Fort Worth school district may add 300 classrooms

Posted Sunday, Aug. 04, 2013  comments  Print Reprints
Draft list of proposals Consultant AECOM prepared a draft list of projects for the school district. The district cautioned that the list and the dollar figures are preliminary and are likely to change. Read the draft list.
Among the suggested projects Create new Benbrook-area high school complex for grades six through 12 by converting Benbrook Middle School and using the Westpark Elementary School campus. The district would relocate Westpark students to a new campus in the Benbrook area. Convert McLean Sixth Grade Center into pre-K/early childhood center. Sixth-graders would move to the existing Tanglewood Elementary building, and a new campus would be built for Tanglewood students. A replacement campus for the aging Washington Heights Elementary, likely on the same site. Prekindergarten classroom additions at 14 schools to make the program available to all 4-year-olds. A performing and fine arts academy for students in sixth through 12th grades that would draw from across the district. It would be on existing district property. A science/technology/engineering/math (STEM) academy for students in sixth through 12th grades in a remodeled building in downtown Fort Worth. A multipurpose event center with a 6,500-seat area. Internet-equipped e-cafes inside all 13 high schools. New athletic fieldhouses at all high schools and practice field turf at the 11 high schools that don’t have it. Laptops or tablets for all high school students. New school buses, maintenance trucks, student uniforms and instruments. Source: Fort Worth school district/AECOM
Tax rate impact Officials are still analyzing the cost to taxpayers; the final amount would be determined by which projects are included. On a $756 million bond package, the maximum tax rate increase is estimated at 14.5 cents. That would be $146.16 per year, or $12.18 per month, for a $115,599 home with a $15,000 homestead exemption. That’s the value of an average home in the district. The current tax rate is $1.322, with $1.04 for operations expenses and 28 cents for debt repayment. Capital improvements and buildings renovations would be financed over 25 years, bus and equipment purchases over 15 years, and computer and technology equipment over five years. Source: Fort Worth school district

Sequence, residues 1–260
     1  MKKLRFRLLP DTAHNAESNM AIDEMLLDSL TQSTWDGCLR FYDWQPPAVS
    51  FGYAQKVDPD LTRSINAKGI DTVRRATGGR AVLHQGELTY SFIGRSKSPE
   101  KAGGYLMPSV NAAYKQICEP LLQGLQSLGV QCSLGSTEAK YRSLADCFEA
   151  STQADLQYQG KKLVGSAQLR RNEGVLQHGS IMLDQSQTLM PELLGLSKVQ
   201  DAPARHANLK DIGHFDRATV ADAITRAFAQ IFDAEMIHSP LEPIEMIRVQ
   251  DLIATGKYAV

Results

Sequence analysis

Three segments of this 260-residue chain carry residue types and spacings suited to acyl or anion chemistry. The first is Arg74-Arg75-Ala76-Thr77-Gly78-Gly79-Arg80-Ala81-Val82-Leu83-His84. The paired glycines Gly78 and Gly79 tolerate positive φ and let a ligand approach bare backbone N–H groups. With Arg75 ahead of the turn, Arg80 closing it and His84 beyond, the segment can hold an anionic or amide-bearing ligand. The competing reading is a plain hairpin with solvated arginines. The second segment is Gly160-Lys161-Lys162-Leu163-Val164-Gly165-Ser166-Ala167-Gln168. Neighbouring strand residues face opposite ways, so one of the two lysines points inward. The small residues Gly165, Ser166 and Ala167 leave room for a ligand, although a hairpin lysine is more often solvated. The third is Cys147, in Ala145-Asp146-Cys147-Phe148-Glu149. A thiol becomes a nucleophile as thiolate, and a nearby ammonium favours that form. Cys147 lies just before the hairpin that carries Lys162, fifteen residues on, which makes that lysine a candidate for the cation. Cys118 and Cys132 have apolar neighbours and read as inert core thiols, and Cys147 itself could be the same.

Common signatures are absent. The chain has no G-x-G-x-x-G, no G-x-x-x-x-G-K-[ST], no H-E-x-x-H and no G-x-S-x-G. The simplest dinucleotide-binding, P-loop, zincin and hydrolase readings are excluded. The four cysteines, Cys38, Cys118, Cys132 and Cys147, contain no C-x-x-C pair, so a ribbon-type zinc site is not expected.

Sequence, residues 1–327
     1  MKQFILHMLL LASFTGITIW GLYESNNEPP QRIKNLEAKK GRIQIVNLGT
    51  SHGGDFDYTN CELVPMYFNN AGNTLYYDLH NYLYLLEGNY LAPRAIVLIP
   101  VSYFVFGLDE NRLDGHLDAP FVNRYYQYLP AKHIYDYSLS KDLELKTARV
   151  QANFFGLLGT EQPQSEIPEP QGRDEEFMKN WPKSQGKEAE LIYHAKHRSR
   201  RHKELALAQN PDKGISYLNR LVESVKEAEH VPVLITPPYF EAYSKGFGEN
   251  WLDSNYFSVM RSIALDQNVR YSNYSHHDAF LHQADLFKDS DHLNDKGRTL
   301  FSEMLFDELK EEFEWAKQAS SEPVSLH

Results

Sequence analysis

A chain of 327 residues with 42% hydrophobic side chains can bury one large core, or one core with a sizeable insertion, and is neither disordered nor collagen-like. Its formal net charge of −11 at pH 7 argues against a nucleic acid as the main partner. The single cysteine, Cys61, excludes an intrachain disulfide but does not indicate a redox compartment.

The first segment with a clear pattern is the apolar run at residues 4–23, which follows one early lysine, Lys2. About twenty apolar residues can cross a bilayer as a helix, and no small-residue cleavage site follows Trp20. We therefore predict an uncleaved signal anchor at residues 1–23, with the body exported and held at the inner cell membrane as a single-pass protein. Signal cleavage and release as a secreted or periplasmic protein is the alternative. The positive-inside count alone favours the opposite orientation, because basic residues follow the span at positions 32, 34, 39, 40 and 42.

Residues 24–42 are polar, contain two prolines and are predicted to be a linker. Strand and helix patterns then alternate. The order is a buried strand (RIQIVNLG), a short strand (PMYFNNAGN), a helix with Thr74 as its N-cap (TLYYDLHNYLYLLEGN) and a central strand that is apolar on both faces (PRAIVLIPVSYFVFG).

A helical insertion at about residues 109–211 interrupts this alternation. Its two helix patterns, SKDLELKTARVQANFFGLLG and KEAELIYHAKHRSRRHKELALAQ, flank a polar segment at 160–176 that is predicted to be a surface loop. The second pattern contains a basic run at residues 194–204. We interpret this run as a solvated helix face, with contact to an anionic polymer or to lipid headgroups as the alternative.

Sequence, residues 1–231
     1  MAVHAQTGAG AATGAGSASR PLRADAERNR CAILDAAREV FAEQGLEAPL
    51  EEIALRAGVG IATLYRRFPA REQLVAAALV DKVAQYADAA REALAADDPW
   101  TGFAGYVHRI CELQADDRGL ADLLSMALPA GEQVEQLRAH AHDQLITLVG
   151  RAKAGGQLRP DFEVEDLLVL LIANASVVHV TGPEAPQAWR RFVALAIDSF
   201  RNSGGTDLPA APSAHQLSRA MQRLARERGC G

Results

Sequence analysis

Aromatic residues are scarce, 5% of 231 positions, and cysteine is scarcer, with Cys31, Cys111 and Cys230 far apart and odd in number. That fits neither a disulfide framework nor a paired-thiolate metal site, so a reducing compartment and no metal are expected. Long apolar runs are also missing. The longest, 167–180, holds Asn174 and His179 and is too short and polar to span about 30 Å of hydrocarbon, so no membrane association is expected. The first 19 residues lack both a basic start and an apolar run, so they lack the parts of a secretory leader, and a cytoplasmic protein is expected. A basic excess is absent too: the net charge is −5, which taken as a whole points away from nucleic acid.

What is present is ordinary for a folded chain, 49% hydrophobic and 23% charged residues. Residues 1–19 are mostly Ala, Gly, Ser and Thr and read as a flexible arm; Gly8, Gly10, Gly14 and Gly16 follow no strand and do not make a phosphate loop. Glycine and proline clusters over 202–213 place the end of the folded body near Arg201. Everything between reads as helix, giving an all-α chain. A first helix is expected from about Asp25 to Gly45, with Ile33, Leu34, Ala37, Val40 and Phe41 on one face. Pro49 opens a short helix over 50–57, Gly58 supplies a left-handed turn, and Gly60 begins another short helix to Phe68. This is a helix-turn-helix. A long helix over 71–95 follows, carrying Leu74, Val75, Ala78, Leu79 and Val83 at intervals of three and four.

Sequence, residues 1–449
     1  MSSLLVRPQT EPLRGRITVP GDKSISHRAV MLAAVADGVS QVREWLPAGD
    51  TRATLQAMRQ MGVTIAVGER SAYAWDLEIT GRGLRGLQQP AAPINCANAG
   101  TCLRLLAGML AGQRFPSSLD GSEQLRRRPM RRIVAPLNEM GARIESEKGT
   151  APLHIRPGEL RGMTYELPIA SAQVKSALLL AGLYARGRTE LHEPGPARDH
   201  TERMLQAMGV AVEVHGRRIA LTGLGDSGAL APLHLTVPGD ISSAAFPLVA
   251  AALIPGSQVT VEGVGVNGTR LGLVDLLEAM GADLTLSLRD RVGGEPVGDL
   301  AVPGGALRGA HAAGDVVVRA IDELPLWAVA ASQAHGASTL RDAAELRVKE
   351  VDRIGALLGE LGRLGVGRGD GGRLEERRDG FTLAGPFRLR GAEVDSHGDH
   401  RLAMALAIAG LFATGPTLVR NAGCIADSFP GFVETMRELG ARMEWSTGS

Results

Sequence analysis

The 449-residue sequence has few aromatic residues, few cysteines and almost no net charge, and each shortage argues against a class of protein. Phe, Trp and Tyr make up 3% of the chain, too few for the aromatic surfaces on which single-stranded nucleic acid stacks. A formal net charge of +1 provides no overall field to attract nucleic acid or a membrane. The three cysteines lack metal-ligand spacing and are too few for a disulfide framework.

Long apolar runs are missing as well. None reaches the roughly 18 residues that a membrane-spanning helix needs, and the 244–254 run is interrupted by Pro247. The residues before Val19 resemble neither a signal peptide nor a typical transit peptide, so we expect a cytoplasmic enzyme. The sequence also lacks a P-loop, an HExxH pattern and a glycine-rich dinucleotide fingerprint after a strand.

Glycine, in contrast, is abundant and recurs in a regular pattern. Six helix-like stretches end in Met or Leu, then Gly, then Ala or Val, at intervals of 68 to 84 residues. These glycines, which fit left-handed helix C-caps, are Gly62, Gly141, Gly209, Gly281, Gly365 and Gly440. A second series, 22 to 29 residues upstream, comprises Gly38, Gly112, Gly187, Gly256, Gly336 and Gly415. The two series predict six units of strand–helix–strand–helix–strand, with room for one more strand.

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Benbrook could finally get its own high school.

Youngsters at crowded Tanglewood Elementary could get more elbow room.

Budding scientists, engineers and web developers could learn the tools of the trade at a centralized campus, while young artists could sing, dance and draw at a fine arts academy.

Last week, a consultant hired by the Fort Worth school district unveiled a list of projects to be considered in the district’s first bond election since 2007. The total estimated cost is $785 million, although that number will likely change as projects are added or removed.

The ambitious five-year plan is designed to improve on crucial science and technology skills, continue support of fine arts and manage growth in the district’s west and southwest, including the Benbrook and Tanglewood areas, district leaders said.

The proposal calls for adding more than 300 classrooms, opening pre-kindergarten classes at 14 schools and renovating McLean Sixth Grade Center into the district’s second early childhood center. The consultants recommended renovating the existing Tanglewood building into the new McLean Center.